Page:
Thanks for taking the time to look at the problem.

That's what I thought too - and that's part of why I had such a hard time visualizing it, I believe. But this was an exam question (I am 100% certain of the phrasing, I've got a copy of it with me), and I was wondering what was the deal here...

Some of my classmates were illustrating the problem as a triangle, setting it up such that the hypotenuse would be the resultant velocity relative to the observer; that is v=√(12^2+6^2) = 13.4 km/h. Anyone knows if this could be right?

Thanks again,

Egoyan
Yes, I suspect part a should have said "if the boat heads straight across relative to the water". This would make 13.4 correct.

Ah, yes, I see. Thanks a lot!

1. How do you calculate the relative velocity of an object crossing a river?

The relative velocity of an object crossing a river can be calculated by adding the velocity of the object in still water to the velocity of the river current in the same direction, or subtracting the two velocities if they are in opposite directions.

2. What is the best strategy for crossing a river and accounting for relative velocities?

The best strategy for crossing a river and accounting for relative velocities is to aim upstream and at an angle towards the opposite bank. This will help to counteract the downstream drift caused by the river current.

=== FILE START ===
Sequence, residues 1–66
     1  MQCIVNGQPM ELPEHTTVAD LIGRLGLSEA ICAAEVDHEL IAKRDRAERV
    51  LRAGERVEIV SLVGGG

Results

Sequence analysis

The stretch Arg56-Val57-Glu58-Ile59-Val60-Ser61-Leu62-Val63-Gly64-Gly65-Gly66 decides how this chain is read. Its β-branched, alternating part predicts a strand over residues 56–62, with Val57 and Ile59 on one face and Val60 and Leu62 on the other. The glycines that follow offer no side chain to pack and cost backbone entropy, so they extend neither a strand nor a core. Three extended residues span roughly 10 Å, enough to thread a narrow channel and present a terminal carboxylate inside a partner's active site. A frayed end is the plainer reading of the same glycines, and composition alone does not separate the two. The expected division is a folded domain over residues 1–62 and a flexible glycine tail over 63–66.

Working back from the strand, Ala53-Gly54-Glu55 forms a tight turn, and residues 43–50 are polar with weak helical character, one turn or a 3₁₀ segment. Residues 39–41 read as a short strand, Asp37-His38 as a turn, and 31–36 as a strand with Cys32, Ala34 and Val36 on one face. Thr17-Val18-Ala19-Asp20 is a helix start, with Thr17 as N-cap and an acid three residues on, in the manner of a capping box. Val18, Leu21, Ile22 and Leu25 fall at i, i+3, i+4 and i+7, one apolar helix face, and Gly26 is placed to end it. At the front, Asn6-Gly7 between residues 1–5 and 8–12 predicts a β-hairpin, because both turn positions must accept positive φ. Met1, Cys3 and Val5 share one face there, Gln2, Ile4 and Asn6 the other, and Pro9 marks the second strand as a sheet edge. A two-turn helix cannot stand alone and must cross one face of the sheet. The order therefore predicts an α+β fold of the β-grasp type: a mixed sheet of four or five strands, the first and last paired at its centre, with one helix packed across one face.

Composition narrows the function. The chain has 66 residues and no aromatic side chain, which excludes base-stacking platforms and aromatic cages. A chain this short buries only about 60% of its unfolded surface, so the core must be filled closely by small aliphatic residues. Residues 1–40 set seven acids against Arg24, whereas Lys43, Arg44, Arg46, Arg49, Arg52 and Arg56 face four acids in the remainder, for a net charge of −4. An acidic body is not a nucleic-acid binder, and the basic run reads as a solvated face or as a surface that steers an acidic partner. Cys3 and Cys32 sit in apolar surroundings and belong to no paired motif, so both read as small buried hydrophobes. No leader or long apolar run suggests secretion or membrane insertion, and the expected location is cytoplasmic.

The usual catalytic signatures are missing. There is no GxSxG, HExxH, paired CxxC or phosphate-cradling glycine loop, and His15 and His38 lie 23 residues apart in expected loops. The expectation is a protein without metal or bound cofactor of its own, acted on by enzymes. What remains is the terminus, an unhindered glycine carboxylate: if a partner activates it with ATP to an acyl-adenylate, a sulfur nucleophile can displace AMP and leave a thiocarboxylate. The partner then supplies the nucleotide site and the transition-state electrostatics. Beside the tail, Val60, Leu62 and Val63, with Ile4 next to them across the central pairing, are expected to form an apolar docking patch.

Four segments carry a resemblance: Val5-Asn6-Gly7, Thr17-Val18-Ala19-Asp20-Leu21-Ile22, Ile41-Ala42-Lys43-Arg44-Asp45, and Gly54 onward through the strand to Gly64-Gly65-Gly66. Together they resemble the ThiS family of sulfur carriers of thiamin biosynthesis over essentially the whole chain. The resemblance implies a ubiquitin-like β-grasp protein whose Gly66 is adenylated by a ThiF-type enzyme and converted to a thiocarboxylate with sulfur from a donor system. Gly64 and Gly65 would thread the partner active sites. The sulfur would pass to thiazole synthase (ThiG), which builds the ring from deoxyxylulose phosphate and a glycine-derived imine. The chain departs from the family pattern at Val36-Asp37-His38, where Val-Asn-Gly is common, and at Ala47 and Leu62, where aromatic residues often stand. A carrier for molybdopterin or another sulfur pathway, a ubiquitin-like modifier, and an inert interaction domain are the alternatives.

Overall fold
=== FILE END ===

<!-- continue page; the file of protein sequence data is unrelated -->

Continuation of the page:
3. How does the width of a river affect the relative velocity of an object crossing it?

The width of a river does not directly affect the relative velocity of an object crossing it, as long as the object maintains a constant velocity. However, a wider river may have a stronger current and therefore a greater impact on the object's velocity.

4. Can the relative velocity of an object crossing a river change during the crossing?

Yes, the relative velocity of an object crossing a river can change during the crossing if the object's velocity or the river current changes. This can also be affected by the shape of the river and any obstacles in the way.

5. How does the angle at which an object crosses a river affect its relative velocity?

The angle at which an object crosses a river can affect its relative velocity by changing the direction of the river current's impact on the object. For example, crossing at a right angle to the current will result in a greater impact and therefore a greater change in velocity compared to crossing at an angle against or with the current.

• Introductory Physics Homework Help
Replies
21
Views
342
• Introductory Physics Homework Help
Replies
8
Views
1K
• Introductory Physics Homework Help
Replies
11
Views
1K
• Introductory Physics Homework Help
Replies
7
Views
2K
• Introductory Physics Homework Help
Replies
4
Views
2K
• Introductory Physics Homework Help
Replies
5
Views
2K
• Introductory Physics Homework Help
Replies
11
Views
2K
• Introductory Physics Homework Help
Replies
30
Views
3K
• Introductory Physics Homework Help
Replies
6
Views
3K
• Introductory Physics Homework Help
Replies
6
Views
998